[Excerpt] Modern man as scientist, through the prescribed procedures of experiment, inquires of nature to learn more and more about it. But in so doing he does not relate himself to nature as the Greek related himself to the multitudinous presencing of everything that met him spontaneously at every turn. He does not relate to nature in the openness of immediate response. For the scientist's "nature" is in fact, Heidegger says, a human construction. Science strikingly manifests the way in which modern man as subject represents reality. The modern ...


Embedded value systems in sustainability assessment tools and their implications

Journal of Environmental Management, Vol. 91, No. 8. (22 August 2010), pp. 1613-1622,


This paper explores the implications that arise with the selection of specific sustainability evaluation tools. Sustainability evaluation tools are conceptualized in this paper as value articulating institutions and as such their choice is a far from a trivial matter. In fact their choice can entail various ethical and practical repercussions. However, in most cases the choice of the evaluation tool is made by the analyst(s) without taking into consideration the values of the affected stakeholders. By choosing the analytical tool the ...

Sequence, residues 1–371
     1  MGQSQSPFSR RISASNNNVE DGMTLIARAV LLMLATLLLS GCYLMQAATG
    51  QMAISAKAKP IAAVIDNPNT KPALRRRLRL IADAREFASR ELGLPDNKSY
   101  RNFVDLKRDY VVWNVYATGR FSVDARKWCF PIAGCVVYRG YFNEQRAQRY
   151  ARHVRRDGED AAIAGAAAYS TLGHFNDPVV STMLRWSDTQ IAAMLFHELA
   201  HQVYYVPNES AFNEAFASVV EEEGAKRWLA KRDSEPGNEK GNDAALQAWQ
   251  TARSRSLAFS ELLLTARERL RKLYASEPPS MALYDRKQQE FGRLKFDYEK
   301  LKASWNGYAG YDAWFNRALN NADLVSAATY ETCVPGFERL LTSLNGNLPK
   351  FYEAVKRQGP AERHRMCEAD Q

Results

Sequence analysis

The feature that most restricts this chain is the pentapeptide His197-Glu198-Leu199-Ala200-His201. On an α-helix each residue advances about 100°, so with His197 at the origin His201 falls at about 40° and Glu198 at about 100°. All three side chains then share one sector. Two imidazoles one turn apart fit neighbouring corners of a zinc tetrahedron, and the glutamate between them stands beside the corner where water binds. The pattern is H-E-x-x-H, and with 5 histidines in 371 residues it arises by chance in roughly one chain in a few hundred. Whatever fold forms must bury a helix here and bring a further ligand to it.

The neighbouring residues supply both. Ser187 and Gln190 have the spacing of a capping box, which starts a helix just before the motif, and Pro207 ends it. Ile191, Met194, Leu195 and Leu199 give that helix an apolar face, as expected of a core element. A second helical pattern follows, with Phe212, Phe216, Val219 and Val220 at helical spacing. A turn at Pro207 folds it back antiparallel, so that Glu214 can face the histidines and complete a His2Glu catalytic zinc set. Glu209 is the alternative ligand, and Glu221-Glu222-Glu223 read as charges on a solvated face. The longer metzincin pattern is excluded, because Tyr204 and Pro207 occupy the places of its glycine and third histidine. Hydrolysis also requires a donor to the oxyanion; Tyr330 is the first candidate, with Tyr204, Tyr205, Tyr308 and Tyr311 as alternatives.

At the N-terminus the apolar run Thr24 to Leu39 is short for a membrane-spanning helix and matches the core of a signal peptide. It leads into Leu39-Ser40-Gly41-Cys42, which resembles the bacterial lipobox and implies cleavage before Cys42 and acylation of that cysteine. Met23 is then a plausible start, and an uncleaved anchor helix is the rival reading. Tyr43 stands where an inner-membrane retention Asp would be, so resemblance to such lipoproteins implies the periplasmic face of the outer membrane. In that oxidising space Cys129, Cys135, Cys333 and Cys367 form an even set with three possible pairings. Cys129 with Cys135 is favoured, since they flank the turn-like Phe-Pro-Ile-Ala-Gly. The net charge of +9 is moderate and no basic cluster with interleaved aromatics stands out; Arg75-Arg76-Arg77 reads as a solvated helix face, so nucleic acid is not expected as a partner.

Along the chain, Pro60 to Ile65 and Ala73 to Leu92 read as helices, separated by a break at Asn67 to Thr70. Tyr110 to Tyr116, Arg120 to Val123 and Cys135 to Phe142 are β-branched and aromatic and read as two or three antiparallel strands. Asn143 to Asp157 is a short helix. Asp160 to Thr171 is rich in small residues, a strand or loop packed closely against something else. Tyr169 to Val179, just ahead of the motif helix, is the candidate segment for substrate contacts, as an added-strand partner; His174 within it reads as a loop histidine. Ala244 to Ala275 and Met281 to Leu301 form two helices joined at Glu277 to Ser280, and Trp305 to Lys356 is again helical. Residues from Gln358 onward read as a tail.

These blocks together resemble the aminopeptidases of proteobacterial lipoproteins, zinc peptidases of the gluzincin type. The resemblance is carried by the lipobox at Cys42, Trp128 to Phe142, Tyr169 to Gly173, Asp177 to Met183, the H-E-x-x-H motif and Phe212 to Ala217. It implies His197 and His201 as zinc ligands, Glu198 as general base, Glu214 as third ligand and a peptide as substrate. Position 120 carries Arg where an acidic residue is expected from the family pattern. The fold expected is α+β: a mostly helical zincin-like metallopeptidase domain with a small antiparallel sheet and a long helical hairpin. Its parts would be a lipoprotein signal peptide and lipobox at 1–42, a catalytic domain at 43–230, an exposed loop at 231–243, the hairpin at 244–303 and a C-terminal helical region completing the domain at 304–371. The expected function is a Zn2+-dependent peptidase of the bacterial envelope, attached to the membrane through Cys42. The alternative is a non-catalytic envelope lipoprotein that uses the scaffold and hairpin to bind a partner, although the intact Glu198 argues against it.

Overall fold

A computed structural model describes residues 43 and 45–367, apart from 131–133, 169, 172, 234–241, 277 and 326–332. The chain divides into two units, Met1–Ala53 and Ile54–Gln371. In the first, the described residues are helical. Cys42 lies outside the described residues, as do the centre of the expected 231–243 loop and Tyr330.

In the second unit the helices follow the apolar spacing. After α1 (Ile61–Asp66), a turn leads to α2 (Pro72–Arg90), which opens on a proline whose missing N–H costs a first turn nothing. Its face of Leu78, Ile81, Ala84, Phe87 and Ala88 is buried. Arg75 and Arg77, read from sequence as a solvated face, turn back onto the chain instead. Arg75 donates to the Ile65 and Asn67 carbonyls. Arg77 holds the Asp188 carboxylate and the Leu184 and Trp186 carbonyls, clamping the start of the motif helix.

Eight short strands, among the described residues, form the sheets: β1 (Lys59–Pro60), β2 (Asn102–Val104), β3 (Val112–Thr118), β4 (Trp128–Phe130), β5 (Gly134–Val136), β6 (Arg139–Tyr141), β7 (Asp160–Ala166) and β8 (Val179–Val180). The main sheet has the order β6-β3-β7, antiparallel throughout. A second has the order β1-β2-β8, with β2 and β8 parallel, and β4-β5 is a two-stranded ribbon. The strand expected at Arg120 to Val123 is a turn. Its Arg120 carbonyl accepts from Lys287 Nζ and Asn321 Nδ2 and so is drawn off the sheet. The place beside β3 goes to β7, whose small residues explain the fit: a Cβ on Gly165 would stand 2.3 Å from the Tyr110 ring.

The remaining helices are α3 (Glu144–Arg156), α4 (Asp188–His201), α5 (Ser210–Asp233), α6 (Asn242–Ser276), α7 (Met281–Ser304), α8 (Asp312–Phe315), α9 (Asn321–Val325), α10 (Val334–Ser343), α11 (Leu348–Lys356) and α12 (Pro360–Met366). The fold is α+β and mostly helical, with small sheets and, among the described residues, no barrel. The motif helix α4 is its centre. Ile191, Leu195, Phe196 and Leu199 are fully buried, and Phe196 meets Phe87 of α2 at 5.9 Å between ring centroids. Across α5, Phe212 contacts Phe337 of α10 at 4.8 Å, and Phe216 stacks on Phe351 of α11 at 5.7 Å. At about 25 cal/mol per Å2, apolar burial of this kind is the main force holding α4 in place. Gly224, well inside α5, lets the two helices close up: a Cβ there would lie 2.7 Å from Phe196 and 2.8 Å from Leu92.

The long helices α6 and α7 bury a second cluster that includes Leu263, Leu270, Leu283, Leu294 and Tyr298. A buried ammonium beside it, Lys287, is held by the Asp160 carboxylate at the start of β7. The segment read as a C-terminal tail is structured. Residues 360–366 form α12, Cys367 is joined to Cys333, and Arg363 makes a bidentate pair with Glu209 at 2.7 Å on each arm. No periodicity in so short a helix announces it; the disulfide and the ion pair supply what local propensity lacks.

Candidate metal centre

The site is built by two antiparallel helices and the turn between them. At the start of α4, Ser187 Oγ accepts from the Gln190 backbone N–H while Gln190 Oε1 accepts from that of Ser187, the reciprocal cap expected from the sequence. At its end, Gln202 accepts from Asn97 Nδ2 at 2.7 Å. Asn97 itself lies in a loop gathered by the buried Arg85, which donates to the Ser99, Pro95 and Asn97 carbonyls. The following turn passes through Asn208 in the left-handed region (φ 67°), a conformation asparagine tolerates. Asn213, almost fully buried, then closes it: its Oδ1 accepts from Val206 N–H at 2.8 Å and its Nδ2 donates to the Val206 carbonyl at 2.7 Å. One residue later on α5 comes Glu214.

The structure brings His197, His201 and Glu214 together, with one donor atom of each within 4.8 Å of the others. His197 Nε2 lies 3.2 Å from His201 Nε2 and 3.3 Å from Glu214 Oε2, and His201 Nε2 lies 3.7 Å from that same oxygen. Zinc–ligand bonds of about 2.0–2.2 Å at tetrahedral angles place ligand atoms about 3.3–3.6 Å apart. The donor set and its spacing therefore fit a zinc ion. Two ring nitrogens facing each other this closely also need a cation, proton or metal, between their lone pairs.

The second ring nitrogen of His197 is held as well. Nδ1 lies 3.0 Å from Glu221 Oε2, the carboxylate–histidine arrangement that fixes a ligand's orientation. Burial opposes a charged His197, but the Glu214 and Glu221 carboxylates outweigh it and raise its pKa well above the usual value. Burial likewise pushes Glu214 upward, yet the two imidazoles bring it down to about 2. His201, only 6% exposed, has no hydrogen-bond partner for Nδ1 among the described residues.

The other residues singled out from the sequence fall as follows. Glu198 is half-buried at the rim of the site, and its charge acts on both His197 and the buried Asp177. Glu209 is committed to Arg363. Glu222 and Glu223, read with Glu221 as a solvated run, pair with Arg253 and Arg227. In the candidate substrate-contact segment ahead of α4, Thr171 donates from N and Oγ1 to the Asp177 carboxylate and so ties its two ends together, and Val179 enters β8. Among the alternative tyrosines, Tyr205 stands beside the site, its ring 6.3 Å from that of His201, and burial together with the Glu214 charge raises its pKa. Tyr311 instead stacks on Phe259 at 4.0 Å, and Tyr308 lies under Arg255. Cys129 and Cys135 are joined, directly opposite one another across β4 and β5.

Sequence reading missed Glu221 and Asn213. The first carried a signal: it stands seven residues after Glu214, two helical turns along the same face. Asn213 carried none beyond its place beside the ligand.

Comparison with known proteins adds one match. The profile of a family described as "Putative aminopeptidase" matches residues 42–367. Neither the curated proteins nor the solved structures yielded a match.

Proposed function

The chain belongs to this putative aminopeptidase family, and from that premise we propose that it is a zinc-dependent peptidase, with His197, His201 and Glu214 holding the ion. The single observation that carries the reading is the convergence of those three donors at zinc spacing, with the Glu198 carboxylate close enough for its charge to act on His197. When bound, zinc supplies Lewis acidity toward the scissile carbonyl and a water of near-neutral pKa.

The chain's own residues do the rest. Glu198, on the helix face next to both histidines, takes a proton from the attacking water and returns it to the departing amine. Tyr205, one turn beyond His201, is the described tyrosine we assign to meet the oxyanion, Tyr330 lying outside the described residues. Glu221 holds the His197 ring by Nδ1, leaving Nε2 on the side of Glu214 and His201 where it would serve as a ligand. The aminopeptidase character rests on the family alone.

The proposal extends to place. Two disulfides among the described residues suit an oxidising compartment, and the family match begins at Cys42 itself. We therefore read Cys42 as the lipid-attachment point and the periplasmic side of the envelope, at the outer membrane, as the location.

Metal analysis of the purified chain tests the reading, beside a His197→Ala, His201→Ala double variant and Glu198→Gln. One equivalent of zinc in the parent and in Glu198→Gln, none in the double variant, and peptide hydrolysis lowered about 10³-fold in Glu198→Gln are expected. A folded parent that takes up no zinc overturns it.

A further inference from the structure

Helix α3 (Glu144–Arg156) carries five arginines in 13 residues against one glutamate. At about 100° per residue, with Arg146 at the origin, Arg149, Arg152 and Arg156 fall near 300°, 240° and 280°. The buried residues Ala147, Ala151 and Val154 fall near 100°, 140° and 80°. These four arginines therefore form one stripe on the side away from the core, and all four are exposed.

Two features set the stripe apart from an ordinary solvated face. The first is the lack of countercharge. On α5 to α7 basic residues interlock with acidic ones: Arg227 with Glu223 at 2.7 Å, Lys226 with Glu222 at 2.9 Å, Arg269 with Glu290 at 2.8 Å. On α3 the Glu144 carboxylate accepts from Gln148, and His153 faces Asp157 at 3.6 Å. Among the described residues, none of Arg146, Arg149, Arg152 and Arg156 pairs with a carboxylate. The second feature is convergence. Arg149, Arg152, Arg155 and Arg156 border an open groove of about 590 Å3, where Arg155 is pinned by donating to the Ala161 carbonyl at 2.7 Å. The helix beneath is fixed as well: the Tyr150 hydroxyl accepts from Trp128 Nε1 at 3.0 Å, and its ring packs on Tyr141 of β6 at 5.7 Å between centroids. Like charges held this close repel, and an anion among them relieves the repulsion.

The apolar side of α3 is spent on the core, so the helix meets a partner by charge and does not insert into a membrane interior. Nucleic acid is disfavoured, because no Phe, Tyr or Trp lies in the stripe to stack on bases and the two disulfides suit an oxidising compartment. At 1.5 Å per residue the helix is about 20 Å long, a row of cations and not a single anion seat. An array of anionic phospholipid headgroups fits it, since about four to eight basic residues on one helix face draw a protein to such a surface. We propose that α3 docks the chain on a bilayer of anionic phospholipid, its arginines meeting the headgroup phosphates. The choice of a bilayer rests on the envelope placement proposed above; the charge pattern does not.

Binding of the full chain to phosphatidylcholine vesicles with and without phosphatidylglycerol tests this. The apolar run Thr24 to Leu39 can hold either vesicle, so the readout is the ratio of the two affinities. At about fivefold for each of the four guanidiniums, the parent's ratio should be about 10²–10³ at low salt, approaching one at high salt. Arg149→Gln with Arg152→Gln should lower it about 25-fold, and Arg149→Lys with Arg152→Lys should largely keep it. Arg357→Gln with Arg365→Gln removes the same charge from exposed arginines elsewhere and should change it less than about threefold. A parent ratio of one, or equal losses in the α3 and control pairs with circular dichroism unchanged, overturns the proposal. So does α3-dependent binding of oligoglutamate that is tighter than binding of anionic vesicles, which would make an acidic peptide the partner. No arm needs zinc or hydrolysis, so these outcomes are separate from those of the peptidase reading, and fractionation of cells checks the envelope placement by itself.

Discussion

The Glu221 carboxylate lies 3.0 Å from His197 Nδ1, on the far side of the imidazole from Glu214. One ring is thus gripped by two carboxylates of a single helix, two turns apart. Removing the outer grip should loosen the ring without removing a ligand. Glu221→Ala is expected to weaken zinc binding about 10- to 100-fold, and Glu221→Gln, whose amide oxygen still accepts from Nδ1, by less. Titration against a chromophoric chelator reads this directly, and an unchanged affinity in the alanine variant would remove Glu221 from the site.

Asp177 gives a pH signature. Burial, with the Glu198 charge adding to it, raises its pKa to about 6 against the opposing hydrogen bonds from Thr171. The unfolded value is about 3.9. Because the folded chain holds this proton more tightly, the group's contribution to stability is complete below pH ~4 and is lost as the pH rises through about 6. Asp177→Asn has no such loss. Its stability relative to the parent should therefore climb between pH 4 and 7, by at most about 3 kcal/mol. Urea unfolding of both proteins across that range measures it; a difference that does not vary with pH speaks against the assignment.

What it takes

Science, Vol. 344, No. 6190. (20 June 2014), pp. 1422-1422,


[Excerpt] Not long ago, Science Careers posted a widget—you can find it at—that lets early-career scientists calculate the probability that they'll someday become principal investigators (PIs), on the basis of a few standard publication metrics. [...] The Science Careers widget is less accurate than the full-bore model, but it has the virtue of focusing attention on a handful of the most important parameters. [...] 1. Be male. The widget's probability plot displays two lines: red for women and blue for ...


Pricing the priceless: cost-benefit analysis of environmental protection

University of Pennsylvania Law Review, Vol. 150, No. 5. (May 2002), pp. 1553-1584,